PlaneSpottingWorld welcomes all new members! Please gives your ideas at the Terminal.


From PlaneSpottingWorld, for aviation fans everywhere
J 22
J 22B at the Swedish Air Force Museum
Type Fighter
Manufacturer Kungliga Flygförvaltningens Flygverkstad i Stockholm (FFVS)
Designed by Bo Lundberg
Maiden flight September 1942
Retired 1952
Primary user Sweden
Produced 1942-1946
Number built 198

The FFVS J 22 was a single-engine fighter aircraft developed for the Swedish Air Force during World War II.


At the onset of World War II, the Swedish Air Force (Flygvapnet) was equipped with largely obsolete Gloster Gladiator (J 8) biplane fighters. To augment this, Sweden ordered 120 Seversky P-35 (J 9) and 144 P-66 Vanguard (J 10) aircraft from the United States. However, on 18 June 1940, United States declared an embargo against exporting weapons to any nation other than Great Britain. As the result, Flygvapnet suddenly faced a shortage of modern fighters. Several other foreign alternatives were considered: the Finnish VL Myrsky and Soviet Polikarpov I-16 were unsatisfactory, and while the Mitsubishi A6M Zero was available, delivery from Japan was impractical. A batch of Fiat CR.42 Falco (J 11) biplanes and Reggiane Re.2000 Falco (J 20) were eventually purchased but this was clearly an interim solution.

With Flygvapnet facing a serious shortage of aircraft and Saab running at full capacity building its B 17 and B 18 bombers, a new firm and factory were established specifically for the new fighter — Kungliga Flygförvaltningens Flygverkstad i Stockholm ("Royal Air Administration Aircraft Factory in Stockholm," FFVS) under Bo Lundberg. The aircraft, designated J 22, was a monoplane with a plywood-covered steel airframe. Wing and fuselage layout were conventional, with the narrow-track main landing gear retracting rearward entirely within the fuselage. Power came from a Swedish copy of the Pratt & Whitney R-1830 (civil Twin Wasp), manufactured without a license at the time, though license fees were paid later.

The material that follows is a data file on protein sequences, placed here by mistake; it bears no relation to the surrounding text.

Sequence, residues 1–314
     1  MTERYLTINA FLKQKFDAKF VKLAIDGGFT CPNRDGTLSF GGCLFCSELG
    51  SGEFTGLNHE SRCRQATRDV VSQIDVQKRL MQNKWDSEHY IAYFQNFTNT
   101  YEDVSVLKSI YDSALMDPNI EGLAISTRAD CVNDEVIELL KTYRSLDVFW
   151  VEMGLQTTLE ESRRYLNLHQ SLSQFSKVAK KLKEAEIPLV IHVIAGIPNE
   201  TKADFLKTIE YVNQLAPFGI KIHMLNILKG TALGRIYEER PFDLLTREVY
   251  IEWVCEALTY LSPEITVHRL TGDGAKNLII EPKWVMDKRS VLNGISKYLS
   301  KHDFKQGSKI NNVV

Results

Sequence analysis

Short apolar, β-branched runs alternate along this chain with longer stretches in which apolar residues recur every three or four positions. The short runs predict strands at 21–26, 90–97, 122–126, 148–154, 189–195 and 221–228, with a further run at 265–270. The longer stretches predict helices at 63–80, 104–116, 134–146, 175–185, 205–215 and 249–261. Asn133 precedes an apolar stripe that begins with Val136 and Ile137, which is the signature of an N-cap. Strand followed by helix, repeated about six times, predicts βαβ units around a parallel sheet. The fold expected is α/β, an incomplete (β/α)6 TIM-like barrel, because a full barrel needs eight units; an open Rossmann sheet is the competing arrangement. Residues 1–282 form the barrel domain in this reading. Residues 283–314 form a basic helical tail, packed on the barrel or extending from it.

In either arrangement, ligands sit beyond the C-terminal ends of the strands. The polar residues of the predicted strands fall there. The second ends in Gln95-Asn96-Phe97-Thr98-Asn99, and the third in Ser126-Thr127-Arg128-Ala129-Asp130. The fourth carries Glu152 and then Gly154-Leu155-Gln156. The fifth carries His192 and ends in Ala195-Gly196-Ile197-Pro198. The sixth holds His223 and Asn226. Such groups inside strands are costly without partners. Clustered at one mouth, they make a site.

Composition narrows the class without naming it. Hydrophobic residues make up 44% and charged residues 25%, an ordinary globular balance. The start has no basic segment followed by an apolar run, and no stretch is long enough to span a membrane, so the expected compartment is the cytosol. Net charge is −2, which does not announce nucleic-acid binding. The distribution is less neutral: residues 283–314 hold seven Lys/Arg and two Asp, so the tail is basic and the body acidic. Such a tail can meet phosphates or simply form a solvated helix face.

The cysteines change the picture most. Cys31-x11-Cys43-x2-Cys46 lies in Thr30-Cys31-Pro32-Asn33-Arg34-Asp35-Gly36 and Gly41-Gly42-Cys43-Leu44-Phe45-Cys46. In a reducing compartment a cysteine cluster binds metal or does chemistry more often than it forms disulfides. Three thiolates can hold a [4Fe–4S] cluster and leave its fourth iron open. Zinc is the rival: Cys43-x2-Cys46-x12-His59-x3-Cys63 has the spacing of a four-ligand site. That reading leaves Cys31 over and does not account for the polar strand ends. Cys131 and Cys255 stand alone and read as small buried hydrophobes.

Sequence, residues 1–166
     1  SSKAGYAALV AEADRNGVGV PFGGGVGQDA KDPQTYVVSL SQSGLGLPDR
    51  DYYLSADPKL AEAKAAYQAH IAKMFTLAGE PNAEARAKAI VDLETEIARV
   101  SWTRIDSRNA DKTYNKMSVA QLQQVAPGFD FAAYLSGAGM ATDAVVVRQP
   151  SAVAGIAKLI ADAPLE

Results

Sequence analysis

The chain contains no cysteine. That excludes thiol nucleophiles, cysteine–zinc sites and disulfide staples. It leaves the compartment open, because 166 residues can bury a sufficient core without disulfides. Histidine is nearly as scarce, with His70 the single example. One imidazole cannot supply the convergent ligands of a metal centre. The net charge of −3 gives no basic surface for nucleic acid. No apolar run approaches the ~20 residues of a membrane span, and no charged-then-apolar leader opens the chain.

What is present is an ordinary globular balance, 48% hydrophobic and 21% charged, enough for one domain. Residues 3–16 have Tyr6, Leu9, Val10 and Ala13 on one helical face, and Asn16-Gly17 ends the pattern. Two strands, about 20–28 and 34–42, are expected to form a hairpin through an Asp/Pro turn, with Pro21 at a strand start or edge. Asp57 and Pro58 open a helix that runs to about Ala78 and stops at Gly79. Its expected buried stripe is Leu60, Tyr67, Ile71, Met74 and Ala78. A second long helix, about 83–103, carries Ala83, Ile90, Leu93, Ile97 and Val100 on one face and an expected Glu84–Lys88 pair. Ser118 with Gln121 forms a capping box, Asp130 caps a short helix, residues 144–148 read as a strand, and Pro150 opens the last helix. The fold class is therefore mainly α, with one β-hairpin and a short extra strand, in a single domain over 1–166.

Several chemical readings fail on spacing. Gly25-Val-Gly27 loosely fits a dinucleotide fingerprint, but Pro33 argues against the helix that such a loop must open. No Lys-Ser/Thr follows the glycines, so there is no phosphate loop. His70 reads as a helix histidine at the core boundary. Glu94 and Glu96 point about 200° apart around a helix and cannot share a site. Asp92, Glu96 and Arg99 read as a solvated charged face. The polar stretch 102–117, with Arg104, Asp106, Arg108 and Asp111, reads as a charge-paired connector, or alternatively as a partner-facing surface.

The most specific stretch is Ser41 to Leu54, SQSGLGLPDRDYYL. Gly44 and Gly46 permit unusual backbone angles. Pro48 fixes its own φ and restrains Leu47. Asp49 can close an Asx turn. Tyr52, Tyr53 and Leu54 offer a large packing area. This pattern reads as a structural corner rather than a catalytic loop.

The J 22 first flew on 20 September 1942 from Bromma airport, where the factory was located. It entered service in October 1943, at the F9 air wing at Gothenburg, with the last of the 198 aircraft delivered in April 1946. Sub-assemblies for the J 22 were made by over 500 different contractors.

Operational history

The J 22 was well-liked by its pilots and possessed good maneuverability, although forward visibility on the ground left something to be desired. With 575 km/h (360 mph) from a 795 kW (1,065 hp) engine, the press called the diminutive fighter "World's fastest in relation to the engine power" (while not absolutely true, it was in the same class as the early marks of Supermarine Spitfire and Zero). The J 22 crews promptly modified this to "World's fastest in relation to the track width" (for which the Spitfire might also have competed), because of the very narrow wheel track. The aircraft was retired in 1952.


  • J 22A - first production version, 2x 7.9 mm and 2x 13.2 mm machineguns, 143 built. Designated J 22-1 after 1945.
  • J 22B - armed with 4x 13.2 mm machine guns, 55 built. Designated J 22-2 after 1945.
  • S 22 - nine J 22A equipped for reconnaissance in 1946, restored to fighters in 1947. Designated S 22-3 after 1945.

Specifications (J 22A)

General characteristics

  • Crew: One
  • Length: 7.80 m (25 ft 7 in)
  • Wingspan: 10.00 m (32 ft 10 in)
  • Height: 3.60 m (11 ft 10 in)
  • Wing area: 16.00 m² (172.16 ft²)
  • Empty weight: 2,020 kg (4,445 lb)
  • Loaded weight: 2,835 kg (6,240 lb)
  • Powerplant:SFA STWC-3G 14-cylinder air-cooled radial engine, 795 kW (1,065 hp)


  • Landing speed: 140 km/h (90 mph)) Armament



    • Donald, D, Lake J. (eds.) (1996) Encyclopedia of world military aircraft. AIRtime Publishing. ISBN 1-880588-24-2

    See also

    Comparable aircraft

    Designation sequence
    J 20 - J 21 - J 22 - J 26 - J 30

    de:FFVS J22 ja:FFVS J22 sv:FFVS J 22

    This article is licensed under the GNU Free Documentation License.
    It uses material from the Wikipedia article "FFVS J 22".